A recent study by the Pew Research Center found that people are marrying later than earlier generations and living together more than ever. There are many misconceptions about the laws that apply when a couple decides to set up house together.

Common Law Marriage –

In Texas, a common law marriage has the same validity as any ceremonial marriage. The law refers to it as an “informal marriage.” Three things have to happen within the state for an informal marriage: First, the couple must agree that they consider themselves married to each other. Second, they must live together as husband and wife. Finally, they must generally hold themselves out to the public as married. There is no minimum amount of time that they must live together, but the Supreme Court has also made clear that you cannot be married ‘by ambush.’ Isolated incidents of referring to your “husband” or “wife” do not necessarily prove an informal marriage.

Joint Property –

Another potential problem is the joint purchase of property. When you buy property with another person, if there’s nothing in writing about how much each one owns the law will not easily fill in the blanks. Just because one person pays for the asset does not mean that one owns it. If both people are on the title to a car or the deed to a house, neither can sell that asset without the other’s consent. If you use a joint credit card to buy an untitled asset like a TV or furniture, there is no clear answer about who owns it.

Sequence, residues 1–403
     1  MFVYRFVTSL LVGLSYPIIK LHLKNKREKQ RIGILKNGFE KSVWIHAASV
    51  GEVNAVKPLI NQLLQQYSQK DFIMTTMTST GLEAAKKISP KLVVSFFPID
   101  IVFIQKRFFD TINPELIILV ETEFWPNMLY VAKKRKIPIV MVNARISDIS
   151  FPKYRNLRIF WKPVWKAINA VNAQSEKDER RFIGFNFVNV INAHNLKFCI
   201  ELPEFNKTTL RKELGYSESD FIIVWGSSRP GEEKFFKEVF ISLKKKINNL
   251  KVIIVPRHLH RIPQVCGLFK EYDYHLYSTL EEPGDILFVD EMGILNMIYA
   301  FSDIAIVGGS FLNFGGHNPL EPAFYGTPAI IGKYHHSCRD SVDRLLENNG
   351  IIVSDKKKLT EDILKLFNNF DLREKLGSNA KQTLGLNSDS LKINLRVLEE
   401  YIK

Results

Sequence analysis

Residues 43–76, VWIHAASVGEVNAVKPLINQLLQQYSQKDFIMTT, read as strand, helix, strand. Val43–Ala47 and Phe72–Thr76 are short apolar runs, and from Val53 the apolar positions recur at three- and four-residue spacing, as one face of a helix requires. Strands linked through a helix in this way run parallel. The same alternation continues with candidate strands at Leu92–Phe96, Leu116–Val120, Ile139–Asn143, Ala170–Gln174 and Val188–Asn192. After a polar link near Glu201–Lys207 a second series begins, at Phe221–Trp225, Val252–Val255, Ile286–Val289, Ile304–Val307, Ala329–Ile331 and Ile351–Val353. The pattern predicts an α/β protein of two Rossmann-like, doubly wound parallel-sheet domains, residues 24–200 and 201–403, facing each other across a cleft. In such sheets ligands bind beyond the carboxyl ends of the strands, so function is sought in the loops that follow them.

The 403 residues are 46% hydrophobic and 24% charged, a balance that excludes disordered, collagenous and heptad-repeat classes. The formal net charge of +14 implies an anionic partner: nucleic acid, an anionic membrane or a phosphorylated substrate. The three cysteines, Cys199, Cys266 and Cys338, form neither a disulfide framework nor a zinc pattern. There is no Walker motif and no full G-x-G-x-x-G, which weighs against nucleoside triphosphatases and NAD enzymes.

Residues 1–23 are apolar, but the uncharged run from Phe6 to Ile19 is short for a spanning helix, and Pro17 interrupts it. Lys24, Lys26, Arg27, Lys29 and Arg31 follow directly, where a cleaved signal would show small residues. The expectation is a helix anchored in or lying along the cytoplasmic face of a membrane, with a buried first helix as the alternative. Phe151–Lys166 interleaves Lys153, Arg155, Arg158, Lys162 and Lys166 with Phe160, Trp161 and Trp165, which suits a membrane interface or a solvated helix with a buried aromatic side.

Debts –

Debts are even trickier. Just because two people live together does not make them liable for each other’s debts. There is also no better position than to be an authorized user on someone else’s credit card. An authorized user may use the card up to the limit but has no responsibility to pay for it. When there is no community property to divide because a couple is unmarried, this can seem very unfair. The card holder might be able to sue the authorized user, but this can be expensive, and success is never guaranteed.

Children –

The law is well-developed to deal with children born during a marriage. Outside of marriage, the rights and duties are different.

During pregnancy, the mother has the sole right to decide whether or not to carry a child to term. At that point, she alone can choose whether or not a father is created, along with all of the responsibilities that go with parenthood.

A biological father is not automatically a legal father and has no rights or obligations. The simplest way to deal with this is the execution of an Acknowledgement of Paternity (“AOP”), which is usually signed by both parents at the hospital. However, an AOP gives the father the same rights as if he had been married when the baby was born, and is usually not given the same depth of thought as the decision to get married. It does not impose any obligations on him such as a duty to pay child support. New parents commonly sign the AOP, along with all of the other forms at the hospital after a baby is born, without understanding its impact.

Many people choose to live together to avoid the entanglements of marriage, and in doing so without careful thought and planning, can create a host of unanticipated problems.

– Brian McNamara has been a family law attorney in Kingwood, TX since 1992.

© copyright Brian McNamara 2011